Use as many washes as needed to achieve a nice clean paint brush. Be careful to work the solvent into the center of the brush and down to the handle.
Learning how to clean paint brushes, you should have a brush comb, which will help remove paint residue and will straighten the bristles so they dry straight.
Stick the teeth of the comb into the bristles right at the heel of the brush. Move the comb toward the end of the bristles.
But pull the comb up and out about 1/4″ before it reaches the end of the bristles to help prevent excessive wear on the ends.
Try to avoid the tips as much as possible when using the wire brush. When almost dry, put the brush back in its brush cover.
That reshapes the bristles so they look just like they did when new. This brush is now ready for the next paint job.
Nylon and Polyester Brushes
How to clean paint brushes that are made of nylon/polyester?
These brushes are usually used for latex/water-based paints.
Actually, due to their denser design, they are harder to clean and will require more washes and rinses.
When cleaning a synthetic brush, follow the same procedure as for bristle brushes, but use warm water instead of paint thinner.
Use soap or detergent if necessary. Rinse repeatedly with clear water while using the wire brush.
Why It’s Important to Clean Your Paint Brushes
When a brush isn’t cleaned carefully after each use, dried paint accumulates at the heel where the filaments join the handle.
When that happens, the brush is said to be “heel hardened”. that results in something called “fingering” (the filaments form irregular groups instead of remaining in a uniform row), reduced flexibility, and uneven painting.
When a brush is heel hardened, rinse the nylon filaments with solvent until clean. Concentrate on the center of the brush, working solvent into the base of the heel.
A brush comb always helps. But combing is particularly effective for getting to filaments at the center of the heel. Use the comb to remove paint residue and straighten the filaments.
I hope this helps you to know how to clean paint brushes and can save some money on buying new ones frequently.
3. A Short Guide to Cleaning Paint Rollers
When you’re ready for cleaning paint rollers after a paint job, simply remove the cover from the frame and use the appropriate solvent to work out the paint from the roller.
Firstly though, you should get as much of the paint off the roller as possible.
This can be accomplished by running the curved edge of the painting comb across the roller over the paint can.
Do this a few times as much as you can afford.
Next for cleaning paint rollers is to work the paint out with your hands.
For latex paints, just use warm water, and for oil/alkyd paints, use mineral spirits or paint thinner.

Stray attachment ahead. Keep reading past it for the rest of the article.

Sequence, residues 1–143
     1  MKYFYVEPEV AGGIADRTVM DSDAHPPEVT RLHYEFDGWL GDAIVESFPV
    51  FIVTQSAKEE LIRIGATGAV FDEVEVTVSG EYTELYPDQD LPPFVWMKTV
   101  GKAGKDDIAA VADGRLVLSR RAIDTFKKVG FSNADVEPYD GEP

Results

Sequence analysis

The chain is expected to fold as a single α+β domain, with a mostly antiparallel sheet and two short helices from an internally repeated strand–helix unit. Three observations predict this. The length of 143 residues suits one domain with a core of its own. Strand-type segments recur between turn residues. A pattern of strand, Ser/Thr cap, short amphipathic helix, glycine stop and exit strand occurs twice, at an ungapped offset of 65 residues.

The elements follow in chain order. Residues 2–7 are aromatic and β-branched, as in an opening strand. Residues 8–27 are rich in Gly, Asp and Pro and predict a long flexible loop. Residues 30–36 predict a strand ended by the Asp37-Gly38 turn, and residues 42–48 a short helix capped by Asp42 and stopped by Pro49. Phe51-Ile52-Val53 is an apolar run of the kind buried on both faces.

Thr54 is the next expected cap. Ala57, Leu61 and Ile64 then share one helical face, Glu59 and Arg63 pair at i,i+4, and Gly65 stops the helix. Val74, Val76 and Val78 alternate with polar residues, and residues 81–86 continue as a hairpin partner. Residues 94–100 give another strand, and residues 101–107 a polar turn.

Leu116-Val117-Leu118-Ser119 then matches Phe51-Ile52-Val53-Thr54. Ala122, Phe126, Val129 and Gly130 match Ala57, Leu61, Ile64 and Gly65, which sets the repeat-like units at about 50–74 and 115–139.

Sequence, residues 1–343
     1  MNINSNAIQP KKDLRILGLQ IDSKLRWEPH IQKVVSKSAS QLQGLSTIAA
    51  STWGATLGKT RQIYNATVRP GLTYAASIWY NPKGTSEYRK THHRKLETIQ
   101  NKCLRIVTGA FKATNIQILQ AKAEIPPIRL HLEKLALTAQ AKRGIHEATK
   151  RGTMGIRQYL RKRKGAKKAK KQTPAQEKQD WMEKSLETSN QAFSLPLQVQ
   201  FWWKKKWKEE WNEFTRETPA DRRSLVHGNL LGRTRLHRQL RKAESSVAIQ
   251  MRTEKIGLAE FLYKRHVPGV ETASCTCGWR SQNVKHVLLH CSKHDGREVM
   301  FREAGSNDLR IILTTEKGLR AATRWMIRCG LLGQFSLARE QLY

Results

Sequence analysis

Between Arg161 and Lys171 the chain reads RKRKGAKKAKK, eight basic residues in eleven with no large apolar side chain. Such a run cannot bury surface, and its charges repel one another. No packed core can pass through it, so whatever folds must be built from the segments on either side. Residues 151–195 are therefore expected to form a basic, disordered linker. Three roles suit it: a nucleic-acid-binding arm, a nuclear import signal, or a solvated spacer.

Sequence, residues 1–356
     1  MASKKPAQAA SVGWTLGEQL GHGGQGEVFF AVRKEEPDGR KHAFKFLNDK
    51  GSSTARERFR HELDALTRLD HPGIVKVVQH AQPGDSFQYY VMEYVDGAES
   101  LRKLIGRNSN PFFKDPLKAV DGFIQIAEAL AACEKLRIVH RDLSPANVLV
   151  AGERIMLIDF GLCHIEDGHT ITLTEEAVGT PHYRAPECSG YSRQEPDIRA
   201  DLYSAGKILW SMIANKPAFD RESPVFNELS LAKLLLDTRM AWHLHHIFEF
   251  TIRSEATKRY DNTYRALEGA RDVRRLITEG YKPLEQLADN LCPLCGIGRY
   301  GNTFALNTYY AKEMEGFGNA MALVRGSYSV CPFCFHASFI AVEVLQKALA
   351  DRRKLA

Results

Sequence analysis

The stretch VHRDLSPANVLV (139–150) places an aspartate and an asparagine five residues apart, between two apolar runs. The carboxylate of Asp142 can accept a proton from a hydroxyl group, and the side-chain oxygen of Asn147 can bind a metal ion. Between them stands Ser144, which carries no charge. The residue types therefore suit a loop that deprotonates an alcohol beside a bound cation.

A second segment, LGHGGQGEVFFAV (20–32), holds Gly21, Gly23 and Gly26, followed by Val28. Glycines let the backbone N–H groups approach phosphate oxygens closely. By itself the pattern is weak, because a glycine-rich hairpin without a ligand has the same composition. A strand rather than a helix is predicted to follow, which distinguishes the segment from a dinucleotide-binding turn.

This may take some time and of course uses quite a bit of water, etc. Sometimes you’ll need to weigh the benefit and cost of just disposing of the used roller or cleaning paint roller for re-use.
You’ll need to keep working the roller with your hands and rotating it 180 degrees until it runs clear of any paint. Finish with a detergent-and-water wash; then rinse.
Spin the sleeve dry with a spinning device from the hardware store, then let stand on end to dry.
Don’t forget to clean your roller frame too!
Save your dirty thinner in a separate container, allow to settle for a few days then pour off the clean thinner on top and save for another day.
The remaining sludge in the bottom can be left open to dry out and then properly disposed of. Check local ordinances for regulations regarding proper disposal.
TIP: When your paint job lasts for a few days or so, you can simply wrap your roller in plastic handi-wrap tightly at the end of the day.
It will stay fresh for days this way and just clean it when you’re all finished with the job.
Below is a typical paint roller spinner tool that you can pick up at any home hardware store or paint outlet.
Cleaning Paint Pads
Similar to cleaning paint rollers, first blot out as much paint as possible on thick layers of newspaper. Then remove the pad from its holder.
Wash the pad in water if you were using water-base paint, or in paint thinner or mineral spirits if you were using oil-based paint. Wear rubber gloves in mineral spirits or paint thinner.
Do a final wash in detergent or soap and water. Detergents containing ammonia are particularly effective on oil paints.
Rinse the pad thoroughly under running water.
Blot or squeeze out all the excess water on old towels or newspapers, and leave the pad standing on edge to dry.
SUMMARY on How to Clean Up After Painting
These are just a few things you can do to properly clean up your tools after painting. There are lot more things you can clean and other techniques exist, but we want to make this beginner friendly. Learning how to clean up after painting shouldn’t be too complicated – so we’re keeping it simple!
Want more beginner guides? Check out our other guides: